Next, what if you have an action you want to repeat over and over again? Well, you can simply copy&paste it as many times as you need, but that's pointless and takes time. Plus it looks bad. Instead, you can use loops.
New concept - loop A piece of code that performs a series of instructions repeatedly until some specified condition is satisfied.
To create a loop, open the actions drop-down menu and search for „For Each Integer A, Do Multiple Actions“. Here's an example:
NOTE #2: You can use waits inside a loop.
Next, if you know how to loop actions you might wonder: how can I loop through players or units and do something with each one of them? It's rather simple, you must use player or unit group "loops".
To use a player or a unit group loop, search up the "Player Group" or "Unit Group" action. Here's an example of both of them:
NOTE #3: You cannot use waits inside a player or a unit group loop.
CHAPTER FOUR – VARIABLES
Sometimes you will find yourself in a situation where you have gathered some data but like to access it later, not this instance. The only problem is that it might be gone or overwritten the next second. How to solve this kind of problem? You must store the information to a variable.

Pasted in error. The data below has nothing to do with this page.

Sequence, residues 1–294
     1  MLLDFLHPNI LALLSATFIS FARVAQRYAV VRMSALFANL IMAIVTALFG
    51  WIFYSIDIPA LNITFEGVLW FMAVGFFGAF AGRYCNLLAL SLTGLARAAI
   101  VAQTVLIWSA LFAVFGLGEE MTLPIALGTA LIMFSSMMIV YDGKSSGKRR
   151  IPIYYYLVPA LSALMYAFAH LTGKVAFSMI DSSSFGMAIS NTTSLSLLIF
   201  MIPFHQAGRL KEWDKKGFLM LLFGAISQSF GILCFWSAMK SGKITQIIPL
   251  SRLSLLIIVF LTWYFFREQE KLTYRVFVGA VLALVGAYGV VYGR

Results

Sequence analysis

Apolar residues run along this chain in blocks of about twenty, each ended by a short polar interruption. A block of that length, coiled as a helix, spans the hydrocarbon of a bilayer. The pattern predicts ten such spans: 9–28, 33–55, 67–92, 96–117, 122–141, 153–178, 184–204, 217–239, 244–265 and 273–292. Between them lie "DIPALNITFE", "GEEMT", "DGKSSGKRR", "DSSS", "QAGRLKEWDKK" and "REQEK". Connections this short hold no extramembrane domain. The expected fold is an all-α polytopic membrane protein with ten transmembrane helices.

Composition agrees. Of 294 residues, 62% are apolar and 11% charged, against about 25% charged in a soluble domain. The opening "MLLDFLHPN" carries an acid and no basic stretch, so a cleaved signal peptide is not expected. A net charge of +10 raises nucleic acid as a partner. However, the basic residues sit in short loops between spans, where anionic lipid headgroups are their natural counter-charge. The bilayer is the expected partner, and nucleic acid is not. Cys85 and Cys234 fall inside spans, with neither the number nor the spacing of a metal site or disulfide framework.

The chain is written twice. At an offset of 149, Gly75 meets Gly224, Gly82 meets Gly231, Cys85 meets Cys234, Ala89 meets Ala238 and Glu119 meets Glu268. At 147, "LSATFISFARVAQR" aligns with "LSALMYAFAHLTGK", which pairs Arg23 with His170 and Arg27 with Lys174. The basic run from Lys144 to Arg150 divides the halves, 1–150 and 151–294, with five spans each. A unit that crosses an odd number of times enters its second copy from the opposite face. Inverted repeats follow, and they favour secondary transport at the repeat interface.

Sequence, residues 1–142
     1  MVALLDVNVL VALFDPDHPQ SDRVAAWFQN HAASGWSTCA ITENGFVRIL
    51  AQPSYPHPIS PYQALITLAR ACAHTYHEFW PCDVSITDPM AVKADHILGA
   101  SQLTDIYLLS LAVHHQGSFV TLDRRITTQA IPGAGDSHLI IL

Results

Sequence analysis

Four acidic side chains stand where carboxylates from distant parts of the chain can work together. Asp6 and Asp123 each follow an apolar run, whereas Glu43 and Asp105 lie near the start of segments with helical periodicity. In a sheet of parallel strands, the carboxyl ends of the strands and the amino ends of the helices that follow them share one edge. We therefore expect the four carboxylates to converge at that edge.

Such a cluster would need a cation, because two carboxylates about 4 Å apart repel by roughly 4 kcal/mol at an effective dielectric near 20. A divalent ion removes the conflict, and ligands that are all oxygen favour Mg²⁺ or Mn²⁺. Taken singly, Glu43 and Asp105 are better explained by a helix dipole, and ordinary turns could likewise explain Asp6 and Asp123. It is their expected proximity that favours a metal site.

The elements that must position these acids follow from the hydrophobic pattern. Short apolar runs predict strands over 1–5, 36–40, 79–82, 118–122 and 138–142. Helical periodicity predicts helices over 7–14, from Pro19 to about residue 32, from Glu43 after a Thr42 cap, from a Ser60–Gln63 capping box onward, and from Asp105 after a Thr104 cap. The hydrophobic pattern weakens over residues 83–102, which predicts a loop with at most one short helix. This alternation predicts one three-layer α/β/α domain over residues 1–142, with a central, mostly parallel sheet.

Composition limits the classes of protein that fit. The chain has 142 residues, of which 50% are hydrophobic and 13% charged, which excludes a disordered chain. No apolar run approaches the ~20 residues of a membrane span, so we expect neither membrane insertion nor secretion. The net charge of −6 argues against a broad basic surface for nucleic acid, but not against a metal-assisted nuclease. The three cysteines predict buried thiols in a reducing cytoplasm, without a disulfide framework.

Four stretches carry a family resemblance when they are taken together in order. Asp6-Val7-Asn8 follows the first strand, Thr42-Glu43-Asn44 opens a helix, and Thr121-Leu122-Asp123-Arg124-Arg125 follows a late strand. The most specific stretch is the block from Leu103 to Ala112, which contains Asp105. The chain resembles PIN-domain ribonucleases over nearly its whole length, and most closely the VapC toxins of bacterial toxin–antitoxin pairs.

New concept - variable Something that is likely to vary; something that is subject to variation
Think of variables as containers for information, which are accessible whenever needed. To create a variable, open the Variable Editor (Ctrl + B) or click the button. Next, click the New Variable button (CTRL + N). You should see the following screen:
Next, give your variable a name and pick a type, depending on your needs, and you're all done.
As you can see, you can tick the checkbox "Array" to make the variable arrayed, with indexes to access each array element. When you tick that checkbox, the option "size" also becomes available. This option, actually, does not modify the number of arrays for that variable, but initializes as many arrays to the default value as you inserted.
Array variables are always the size of 8191, meaning, the last index you can use is 8191. Anything above 8191 will not work. You cannot use negative numbers.
SETTING A VALUE TO A VARIABLE
When you're done with your variables, you want to use them in triggers and assign them a value. That's done with the "Set Variable" action.
(e.g) Setting an array variable using a loop:
Each index from 1 to 10 will get assigned a random number.
CHAPTER FIVE – ENDING WORDS
We have now reached to the end of this tutorial and I hope this little guide has teached you the basics of coding in World Editor using GUI. Now, take your time to experiment and practise, as practise makes perfect.
Here are some additional tutorials you might want to read, to make your code and your map better!